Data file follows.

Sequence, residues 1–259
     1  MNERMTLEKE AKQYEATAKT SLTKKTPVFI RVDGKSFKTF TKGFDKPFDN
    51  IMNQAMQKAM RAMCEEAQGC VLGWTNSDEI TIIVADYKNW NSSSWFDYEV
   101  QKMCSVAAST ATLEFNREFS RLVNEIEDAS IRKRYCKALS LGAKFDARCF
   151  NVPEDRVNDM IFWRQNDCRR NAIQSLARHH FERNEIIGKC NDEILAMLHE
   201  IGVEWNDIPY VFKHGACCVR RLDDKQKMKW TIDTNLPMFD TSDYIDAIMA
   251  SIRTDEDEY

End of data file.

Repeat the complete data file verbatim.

Sequence, residues 1–259
     1  MNERMTLEKE AKQYEATAKT SLTKKTPVFI RVDGKSFKTF TKGFDKPFDN
    51  IMNQAMQKAM RAMCEEAQGC VLGWTNSDEI TIIVADYKNW NSSSWFDYEV
   101  QKMCSVAAST ATLEFNREFS RLVNEIEDAS IRKRYCKALS LGAKFDARCF
   151  NVPEDRVNDM IFWRQNDCRR NAIQSLARHH FERNEIIGKC NDEILAMLHE
   201  IGVEWNDIPY VFKHGACCVR RLDDKQKMKW TIDTNLPMFD TSDYIDAIMA
   251  SIRTDEDEY